At 72 years-old, Plainview, Neb. farmer Wayne Rasmussen has lived life with an open mind and a willingness to learn. It’s resulted in some unique accomplishments for Rasmussen and his wife Judy.
Raised on a crop farm in eastern Nebraska corn country, Rasmussen raised grain, hogs and a few cattle. He thought that would be his life’s path. Then, the 80’s farm crisis arrived. Rasmussen tells that times were tough, and he attended an Extension program featuring Joel Salatin, who championed grass-based farming. As Rasmussen learned about rotational grazing he says, “That changed the direction I was taking.”
Rasmussen began by cross-fencing one pasture into eight paddocks. He tells, “That changed our carrying capacity by 40%. We went from 55 cows to 90 cows…I saw a real opportunity to go forward.”
He began the process of converting cropland to grassland. After five to six years, he saw the impact and tells of springs developing on upland hills – something the land’s previous owner of 45 years had never seen occur. Rasmussen says, “It reminded me of Allan Savory’s grazing work in Africa when dry spring beds eventually had water.”
For the Rasmussen’s it opened doors. He tells, “Neighbors saw what we were doing on the land and said if you can do this on my pasture, you can rent my ground.” He adds, “When neighbors do that, it’s a compliment and encouraging.”
Rasmussen continued his grazing focus using very high stock densities – moving livestock as much as seven times a day, then allowing ample rest for the land to regenerate. “We’ve healed cow trails and gullies in pastures,” he reports, and adds, “It was fun for me.” Since 2000, their operation has been all grass-based and stocked with a herd of Angus-Red Angus genetics. Windrow grazing from November through February and rye pastures in April extended grazing to nearly year-round.
In 2009, Rasmussen’s life path took another unexpected turn. He fell from a roof and broke his neck. As a Christian, he felt fortunate to survive the accident, and says, “I felt there was some other purpose the Lord wanted me to do.” As a result, Rasmussen collaborated with several friends from around the country and the group established The Grassfed Exchange, a non-profit organization that hosts an annual conference dedicated to bringtogether grazing enthusiasts to share ideas and experiences. The 10th annual conference was held in Rapid City, S.D. in June 2018 with 500 attendees from across the nation, as well as several international attendees. “There are great people who want to take care of the land and be stewards of livestock,” Rasmussen notes. Over the past decade he has also been involved as a board member of the Nebraska Grazing Lands Coalition.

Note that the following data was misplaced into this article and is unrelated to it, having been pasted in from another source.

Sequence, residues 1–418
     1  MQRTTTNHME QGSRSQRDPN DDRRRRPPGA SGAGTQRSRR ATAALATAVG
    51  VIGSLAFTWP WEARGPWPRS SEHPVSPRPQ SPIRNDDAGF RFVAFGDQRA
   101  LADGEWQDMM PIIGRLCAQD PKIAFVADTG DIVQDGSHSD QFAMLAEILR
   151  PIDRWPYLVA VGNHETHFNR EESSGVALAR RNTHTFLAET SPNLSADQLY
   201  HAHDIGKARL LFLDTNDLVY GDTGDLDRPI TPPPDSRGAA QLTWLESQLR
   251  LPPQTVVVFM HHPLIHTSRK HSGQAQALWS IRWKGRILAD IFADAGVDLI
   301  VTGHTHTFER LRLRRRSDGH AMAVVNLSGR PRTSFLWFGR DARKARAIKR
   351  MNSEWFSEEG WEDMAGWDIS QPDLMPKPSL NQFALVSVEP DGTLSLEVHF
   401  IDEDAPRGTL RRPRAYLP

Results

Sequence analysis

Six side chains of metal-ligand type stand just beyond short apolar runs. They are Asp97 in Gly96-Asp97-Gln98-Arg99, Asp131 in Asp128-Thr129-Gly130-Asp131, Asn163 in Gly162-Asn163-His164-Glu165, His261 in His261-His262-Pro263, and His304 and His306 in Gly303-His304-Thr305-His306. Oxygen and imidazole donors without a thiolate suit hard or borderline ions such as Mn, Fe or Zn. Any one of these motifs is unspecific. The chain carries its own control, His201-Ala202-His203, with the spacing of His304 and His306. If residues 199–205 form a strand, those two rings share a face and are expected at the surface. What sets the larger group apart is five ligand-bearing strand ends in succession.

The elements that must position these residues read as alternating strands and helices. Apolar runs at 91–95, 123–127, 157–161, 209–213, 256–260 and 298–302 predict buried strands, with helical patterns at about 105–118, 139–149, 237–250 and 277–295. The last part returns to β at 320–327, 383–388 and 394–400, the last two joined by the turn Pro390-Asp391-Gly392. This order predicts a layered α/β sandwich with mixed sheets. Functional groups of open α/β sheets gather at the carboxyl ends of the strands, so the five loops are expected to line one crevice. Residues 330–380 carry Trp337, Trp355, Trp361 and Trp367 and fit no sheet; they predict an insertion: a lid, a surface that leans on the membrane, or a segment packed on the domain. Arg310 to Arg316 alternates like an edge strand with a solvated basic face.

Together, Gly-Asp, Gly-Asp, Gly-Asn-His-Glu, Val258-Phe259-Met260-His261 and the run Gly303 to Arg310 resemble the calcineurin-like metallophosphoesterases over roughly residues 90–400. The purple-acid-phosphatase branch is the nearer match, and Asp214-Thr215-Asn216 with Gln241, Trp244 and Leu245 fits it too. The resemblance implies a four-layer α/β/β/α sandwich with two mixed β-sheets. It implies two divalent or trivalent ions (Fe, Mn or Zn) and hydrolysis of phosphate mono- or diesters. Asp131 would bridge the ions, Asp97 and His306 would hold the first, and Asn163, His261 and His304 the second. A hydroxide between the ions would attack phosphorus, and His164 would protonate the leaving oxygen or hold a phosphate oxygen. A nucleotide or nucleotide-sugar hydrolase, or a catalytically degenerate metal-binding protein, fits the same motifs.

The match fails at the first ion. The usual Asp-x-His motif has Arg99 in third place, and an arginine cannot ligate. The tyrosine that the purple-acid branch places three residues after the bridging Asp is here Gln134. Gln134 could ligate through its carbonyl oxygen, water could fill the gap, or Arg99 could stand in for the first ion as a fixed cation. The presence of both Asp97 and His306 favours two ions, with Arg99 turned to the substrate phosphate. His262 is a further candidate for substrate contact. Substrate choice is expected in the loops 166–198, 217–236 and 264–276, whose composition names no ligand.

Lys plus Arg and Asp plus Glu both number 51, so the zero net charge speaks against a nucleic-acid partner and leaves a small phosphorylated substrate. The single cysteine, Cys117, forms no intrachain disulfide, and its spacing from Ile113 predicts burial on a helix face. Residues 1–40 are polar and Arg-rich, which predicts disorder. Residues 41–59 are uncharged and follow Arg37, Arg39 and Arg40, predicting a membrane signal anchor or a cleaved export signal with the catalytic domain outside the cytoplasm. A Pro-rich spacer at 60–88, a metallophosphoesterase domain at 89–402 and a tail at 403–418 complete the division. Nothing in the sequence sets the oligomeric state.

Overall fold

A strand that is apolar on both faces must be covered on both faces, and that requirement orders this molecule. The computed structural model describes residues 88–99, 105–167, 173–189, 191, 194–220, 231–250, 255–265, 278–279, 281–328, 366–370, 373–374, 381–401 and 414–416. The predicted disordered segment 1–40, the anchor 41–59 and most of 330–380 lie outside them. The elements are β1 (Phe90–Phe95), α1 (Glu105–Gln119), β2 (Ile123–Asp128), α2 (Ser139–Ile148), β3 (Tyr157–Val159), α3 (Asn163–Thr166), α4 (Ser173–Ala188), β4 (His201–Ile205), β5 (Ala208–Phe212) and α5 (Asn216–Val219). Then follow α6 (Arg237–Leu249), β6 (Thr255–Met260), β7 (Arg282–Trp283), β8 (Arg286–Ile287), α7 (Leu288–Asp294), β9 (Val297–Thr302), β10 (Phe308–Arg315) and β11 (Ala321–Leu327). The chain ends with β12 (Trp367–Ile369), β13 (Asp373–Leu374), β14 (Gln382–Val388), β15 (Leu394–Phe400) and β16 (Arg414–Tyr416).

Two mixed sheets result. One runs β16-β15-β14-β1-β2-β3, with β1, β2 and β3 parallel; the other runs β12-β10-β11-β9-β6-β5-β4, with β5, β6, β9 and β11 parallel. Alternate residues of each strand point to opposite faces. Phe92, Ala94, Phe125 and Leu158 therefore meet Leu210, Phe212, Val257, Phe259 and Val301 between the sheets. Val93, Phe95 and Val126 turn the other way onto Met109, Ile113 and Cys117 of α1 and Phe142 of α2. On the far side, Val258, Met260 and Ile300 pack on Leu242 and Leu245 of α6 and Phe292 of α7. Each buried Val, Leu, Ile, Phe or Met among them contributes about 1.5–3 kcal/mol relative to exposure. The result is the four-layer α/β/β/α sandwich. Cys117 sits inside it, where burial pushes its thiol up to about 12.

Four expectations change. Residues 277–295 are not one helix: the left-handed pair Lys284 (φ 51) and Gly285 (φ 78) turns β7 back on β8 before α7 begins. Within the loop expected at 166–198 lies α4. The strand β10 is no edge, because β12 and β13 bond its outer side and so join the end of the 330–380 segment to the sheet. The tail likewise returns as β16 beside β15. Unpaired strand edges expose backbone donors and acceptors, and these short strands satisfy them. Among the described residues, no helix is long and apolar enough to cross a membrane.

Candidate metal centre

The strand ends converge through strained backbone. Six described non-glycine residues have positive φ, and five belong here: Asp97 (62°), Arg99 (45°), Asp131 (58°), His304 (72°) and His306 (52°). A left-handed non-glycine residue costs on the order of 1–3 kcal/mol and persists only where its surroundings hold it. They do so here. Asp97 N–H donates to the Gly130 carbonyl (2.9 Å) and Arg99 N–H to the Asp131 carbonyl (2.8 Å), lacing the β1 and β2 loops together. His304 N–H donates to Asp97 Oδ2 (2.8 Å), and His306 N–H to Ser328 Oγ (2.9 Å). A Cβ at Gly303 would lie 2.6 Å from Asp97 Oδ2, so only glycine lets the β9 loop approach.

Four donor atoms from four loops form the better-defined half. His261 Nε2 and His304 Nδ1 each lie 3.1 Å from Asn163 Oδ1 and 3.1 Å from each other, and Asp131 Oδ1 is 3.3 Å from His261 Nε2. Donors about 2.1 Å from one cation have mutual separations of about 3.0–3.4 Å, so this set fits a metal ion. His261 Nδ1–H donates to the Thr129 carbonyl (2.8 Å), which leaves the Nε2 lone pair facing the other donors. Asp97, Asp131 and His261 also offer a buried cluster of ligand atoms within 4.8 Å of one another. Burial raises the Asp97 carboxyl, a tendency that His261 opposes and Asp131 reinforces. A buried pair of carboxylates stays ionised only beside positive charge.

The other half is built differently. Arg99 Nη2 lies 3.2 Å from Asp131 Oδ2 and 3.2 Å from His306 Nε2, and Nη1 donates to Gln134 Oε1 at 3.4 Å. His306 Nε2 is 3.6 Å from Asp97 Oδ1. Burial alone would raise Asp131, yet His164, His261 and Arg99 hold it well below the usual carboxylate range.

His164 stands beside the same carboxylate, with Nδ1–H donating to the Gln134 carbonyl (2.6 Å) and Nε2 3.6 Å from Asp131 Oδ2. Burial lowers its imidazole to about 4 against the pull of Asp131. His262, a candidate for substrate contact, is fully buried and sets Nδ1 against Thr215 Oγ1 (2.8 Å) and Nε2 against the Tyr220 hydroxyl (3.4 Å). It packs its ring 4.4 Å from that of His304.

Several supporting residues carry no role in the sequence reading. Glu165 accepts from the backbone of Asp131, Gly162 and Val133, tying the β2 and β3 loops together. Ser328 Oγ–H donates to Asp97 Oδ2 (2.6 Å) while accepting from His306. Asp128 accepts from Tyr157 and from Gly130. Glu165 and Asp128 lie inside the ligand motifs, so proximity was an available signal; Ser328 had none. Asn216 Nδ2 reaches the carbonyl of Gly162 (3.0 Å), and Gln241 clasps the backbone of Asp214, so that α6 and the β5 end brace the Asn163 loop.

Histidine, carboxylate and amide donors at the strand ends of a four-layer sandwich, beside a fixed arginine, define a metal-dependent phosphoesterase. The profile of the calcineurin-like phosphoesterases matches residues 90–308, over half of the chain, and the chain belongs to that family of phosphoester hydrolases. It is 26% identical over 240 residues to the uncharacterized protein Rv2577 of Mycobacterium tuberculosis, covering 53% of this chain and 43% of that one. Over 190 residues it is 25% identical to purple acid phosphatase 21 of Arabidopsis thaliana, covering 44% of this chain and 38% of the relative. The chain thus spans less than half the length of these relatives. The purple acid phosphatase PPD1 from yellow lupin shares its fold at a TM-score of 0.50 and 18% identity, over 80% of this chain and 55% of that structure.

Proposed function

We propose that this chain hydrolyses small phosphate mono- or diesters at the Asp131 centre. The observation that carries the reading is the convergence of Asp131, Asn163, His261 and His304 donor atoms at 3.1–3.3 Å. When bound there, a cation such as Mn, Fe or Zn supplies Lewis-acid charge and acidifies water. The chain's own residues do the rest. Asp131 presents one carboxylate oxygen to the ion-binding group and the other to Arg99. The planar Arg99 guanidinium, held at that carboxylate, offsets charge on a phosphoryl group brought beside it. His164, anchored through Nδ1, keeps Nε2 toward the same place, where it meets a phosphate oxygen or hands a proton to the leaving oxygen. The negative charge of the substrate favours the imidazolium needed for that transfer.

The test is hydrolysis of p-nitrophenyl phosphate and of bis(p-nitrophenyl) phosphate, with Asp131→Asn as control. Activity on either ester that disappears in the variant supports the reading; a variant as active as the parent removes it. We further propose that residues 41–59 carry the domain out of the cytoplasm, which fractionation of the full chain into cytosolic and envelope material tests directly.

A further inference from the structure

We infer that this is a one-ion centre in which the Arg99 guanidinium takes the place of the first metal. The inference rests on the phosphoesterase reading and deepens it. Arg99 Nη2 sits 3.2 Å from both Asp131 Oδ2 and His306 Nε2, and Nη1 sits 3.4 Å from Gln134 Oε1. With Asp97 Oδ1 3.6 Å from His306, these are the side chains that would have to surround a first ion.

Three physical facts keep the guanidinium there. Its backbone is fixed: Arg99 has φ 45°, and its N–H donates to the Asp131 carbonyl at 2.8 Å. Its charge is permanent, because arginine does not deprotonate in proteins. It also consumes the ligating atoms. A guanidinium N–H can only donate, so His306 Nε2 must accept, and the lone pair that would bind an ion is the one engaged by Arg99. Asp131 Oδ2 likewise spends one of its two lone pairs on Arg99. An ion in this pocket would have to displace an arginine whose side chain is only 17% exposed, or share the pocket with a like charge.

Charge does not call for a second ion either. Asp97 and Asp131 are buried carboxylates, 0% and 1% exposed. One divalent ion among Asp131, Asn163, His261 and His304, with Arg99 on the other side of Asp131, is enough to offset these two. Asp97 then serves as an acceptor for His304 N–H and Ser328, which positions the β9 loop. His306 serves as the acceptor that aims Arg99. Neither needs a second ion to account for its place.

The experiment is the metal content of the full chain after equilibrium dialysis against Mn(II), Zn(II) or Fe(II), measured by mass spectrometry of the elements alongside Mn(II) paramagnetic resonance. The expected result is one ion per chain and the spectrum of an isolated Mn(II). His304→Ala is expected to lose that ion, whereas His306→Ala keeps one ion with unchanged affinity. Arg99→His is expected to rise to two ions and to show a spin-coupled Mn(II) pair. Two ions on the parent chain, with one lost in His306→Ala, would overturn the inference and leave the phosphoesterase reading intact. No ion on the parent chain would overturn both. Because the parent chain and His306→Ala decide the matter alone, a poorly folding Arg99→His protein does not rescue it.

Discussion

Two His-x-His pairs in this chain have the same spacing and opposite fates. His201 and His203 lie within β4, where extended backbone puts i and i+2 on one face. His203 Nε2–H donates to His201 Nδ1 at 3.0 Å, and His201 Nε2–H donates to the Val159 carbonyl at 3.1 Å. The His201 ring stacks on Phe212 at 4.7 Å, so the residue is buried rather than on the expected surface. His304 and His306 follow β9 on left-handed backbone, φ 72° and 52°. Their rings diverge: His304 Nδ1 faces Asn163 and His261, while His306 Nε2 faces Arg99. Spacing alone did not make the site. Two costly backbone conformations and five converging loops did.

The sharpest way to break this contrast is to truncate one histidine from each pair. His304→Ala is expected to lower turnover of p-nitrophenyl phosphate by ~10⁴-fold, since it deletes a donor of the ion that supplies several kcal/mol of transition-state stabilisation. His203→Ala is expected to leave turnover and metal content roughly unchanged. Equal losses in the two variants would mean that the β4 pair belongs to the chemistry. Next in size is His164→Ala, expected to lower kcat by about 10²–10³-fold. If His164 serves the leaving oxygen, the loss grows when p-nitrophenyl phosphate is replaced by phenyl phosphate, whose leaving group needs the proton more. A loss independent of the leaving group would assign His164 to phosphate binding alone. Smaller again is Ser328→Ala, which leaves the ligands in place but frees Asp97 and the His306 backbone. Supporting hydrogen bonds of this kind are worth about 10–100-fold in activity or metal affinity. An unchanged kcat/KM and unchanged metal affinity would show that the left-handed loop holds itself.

Additionally, Rasmussen has dabbled in marketing grass-fed beef direct to consumers. “I’d love to be able to develop that more,” he says. He has other dreams as well – trying multi-species grazing, interseeding grasses and forbs into grasslands. “There is much more that can be done on the production in our grasslands. We need to treat pastures as a crop too,” says Rasmussen.
But, as Rasmussen and his wife settle into their retirement years, they know that these are dreams others may need to pursue. Currently, without a family member planning to return to the family operation, the Rasmussen’s path is changing once again. Efforts to bring non-family members into the operation were tried, but did not come to fruition. Thus, the Rasmussen’s dispersed their cowherd in December, with plans to rent out most of their land. They are hopeful a grandchild may one day return and continue the stewardship they’ve started. Rasmussen also intends to continue sharing his experiences and affinity for grass-based farming through involvement in The Grassfed Exchange and the Nebraska Grazing Lands Coalition. He wants to help others recognize that an open mind and a willingness to learn are the keys to navigating whatever life path unfolds in front of you.
The 2019 Grassfed Exchange (https://grassfedexchange.com/) will be held April 3-5 in Santa Rosa, Calif. – and Rasmussen will be there. He concludes, “I want to continue to promote the grassfed industry and regenerative agriculture.”
– Nebraska Grazing Lands Coalition